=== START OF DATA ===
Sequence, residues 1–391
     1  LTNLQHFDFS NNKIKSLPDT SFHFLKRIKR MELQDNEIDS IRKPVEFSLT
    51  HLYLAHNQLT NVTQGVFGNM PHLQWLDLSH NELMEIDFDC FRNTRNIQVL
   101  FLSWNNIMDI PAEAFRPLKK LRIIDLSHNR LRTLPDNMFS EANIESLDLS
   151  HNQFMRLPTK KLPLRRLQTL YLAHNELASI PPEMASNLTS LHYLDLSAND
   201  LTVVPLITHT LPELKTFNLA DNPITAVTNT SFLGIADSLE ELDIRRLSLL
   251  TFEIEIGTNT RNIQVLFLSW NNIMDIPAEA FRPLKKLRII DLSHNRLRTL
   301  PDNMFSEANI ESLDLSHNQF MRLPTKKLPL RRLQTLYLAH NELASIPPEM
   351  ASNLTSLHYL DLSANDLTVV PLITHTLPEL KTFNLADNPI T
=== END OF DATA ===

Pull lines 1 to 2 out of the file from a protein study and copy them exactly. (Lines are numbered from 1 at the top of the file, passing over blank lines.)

Sequence, residues 1–391
     1  LTNLQHFDFS NNKIKSLPDT SFHFLKRIKR MELQDNEIDS IRKPVEFSLT